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Types of Vises for Woodworking, Metalworking & Many More Jobs

Written by Willie Osgood
Last Update: May 3, 2023

Vises are mechanical tools that are used to support certain woodworks or metalworks on various work pieces by securing them to stay firm. Typically, standard bench vises are attached directly to a workbench for carrying out various operations like drilling, sawing, and planning. There are several types of vise that are available today, especially in e-stores. These varieties portray significant differences as they tend to work more aptly based on the nature of the work that needs to be done.

In this article, we shall be acquainting ourselves with the various types of bench vices in order to properly understand how to perform DIY jobs regarding this tool in the right way. Also, considering the possible confusion as to what type to buy in the market, the different workbench vise types here will aid your knowledge concerning selections. Read on!

Types of Vises

types of vise

There are numerous types of vises, all suited for different purposes. Below is a list covering a wide range of vices that you may find out there. They all have unique purposes for workshop activities involving a bench vice.

1. Woodworking Vice

Woodworking vice is one of the most popular tools among the different types of vises we have today. It is basically a vice used by woodworkers to hold work pieces as they work on them with other tools. The woodworking vice comes in many styles with each of them performing the type of work to be done, specifically.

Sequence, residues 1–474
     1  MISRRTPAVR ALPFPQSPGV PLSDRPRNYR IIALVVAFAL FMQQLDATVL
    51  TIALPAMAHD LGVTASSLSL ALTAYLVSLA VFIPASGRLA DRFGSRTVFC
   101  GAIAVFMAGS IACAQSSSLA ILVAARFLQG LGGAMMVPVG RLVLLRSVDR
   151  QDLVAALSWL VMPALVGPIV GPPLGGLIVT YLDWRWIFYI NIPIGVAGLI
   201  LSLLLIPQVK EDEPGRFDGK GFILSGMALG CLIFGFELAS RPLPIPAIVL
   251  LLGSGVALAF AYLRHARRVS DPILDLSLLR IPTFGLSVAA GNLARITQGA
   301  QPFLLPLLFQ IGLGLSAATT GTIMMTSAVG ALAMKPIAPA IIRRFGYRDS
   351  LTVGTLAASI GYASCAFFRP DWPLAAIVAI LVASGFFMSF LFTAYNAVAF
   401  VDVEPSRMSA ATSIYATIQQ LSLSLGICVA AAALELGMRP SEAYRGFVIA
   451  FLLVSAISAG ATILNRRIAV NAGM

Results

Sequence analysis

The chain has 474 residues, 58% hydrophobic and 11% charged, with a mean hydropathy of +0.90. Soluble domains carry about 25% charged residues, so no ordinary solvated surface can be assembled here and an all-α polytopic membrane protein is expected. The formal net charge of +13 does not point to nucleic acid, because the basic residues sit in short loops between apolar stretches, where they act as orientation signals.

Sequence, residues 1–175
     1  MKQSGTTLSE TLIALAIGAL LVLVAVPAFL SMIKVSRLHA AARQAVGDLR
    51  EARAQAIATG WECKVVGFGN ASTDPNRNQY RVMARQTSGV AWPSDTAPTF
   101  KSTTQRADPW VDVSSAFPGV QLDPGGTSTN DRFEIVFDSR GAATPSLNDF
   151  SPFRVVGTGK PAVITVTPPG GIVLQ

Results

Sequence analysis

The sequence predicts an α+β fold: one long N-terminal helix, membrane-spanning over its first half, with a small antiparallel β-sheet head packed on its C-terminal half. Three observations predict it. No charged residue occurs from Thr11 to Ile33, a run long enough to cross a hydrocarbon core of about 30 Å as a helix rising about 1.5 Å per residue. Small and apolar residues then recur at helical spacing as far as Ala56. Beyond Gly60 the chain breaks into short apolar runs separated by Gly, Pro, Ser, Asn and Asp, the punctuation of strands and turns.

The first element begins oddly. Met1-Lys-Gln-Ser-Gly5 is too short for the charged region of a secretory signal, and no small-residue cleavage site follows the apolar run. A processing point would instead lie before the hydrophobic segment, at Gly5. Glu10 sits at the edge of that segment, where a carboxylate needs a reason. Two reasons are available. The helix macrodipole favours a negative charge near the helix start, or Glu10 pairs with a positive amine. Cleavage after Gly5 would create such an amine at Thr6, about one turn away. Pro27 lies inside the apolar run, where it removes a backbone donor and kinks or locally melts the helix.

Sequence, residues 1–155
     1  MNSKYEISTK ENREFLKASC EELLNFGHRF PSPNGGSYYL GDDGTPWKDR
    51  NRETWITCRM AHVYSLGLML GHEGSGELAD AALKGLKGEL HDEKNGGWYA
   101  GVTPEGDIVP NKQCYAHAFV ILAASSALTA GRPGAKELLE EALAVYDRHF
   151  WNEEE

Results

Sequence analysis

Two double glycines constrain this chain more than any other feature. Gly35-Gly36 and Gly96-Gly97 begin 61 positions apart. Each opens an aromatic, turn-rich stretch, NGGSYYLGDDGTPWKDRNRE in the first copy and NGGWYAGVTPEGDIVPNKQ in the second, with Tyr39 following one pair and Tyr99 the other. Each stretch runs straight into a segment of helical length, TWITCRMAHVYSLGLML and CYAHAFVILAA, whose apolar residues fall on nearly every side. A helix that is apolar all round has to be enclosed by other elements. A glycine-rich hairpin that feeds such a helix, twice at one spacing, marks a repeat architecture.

• Types/Variation: With the variable needs in mind, vice manufacturers have introduced various types of vises, each offering different uses.
  • Face Vice: The face vice is a kind of woodworking vice that consists of two jaws for holding work that includes a screw device used to open and close the jaws. This will help keep in place what the metal or woodworker needs it to.
  • Leg Vice: The leg vice is also known as Solid Box or Post Vice. The leg vice typically works by firmly providing support to the ground while a work piece is being hammered, twisted or chiseled. It assures stability every single time.
  • End Vise: Also called tail vice, it is generally attached to the right side of a bench with the help of a jaw which makes a notch within the benchtop corner.

2. Metalworking Vice

Metalworking vice refers to a type of vice associated with two parallel iron jaws with a wide opening base. The metal jaws are simply used to hold down a work piece as it is attached to a bench that secures its stability.

Different Bases Explained

  • Fixed, A vice with a fixed base attaches straight to the workbench as it supports stability.
  • Swivel, The swivel base vice can be rotated so that the position of the vice can be altered to suit activities.
  • Vacuum, This base work by holding onto the surface of a work piece by sucking.
  • Clamp, It clamps or attaches a wide size range of metal materials due to its strength and ability to withstand pressure.


  • Engineer’s vice, it is typically heavy-weighted with a thick metal body. It works by clamping large objects for security during projects.
  • Multipurpose vise, it is equipped with integrated pipe jaws and a swivel base for holding a variety of objects/materials.
  • Table vise, it is a portable vice that enables quick clamping that doesn’t involve permanent bolting down onto a bench.

3. Pipe Vice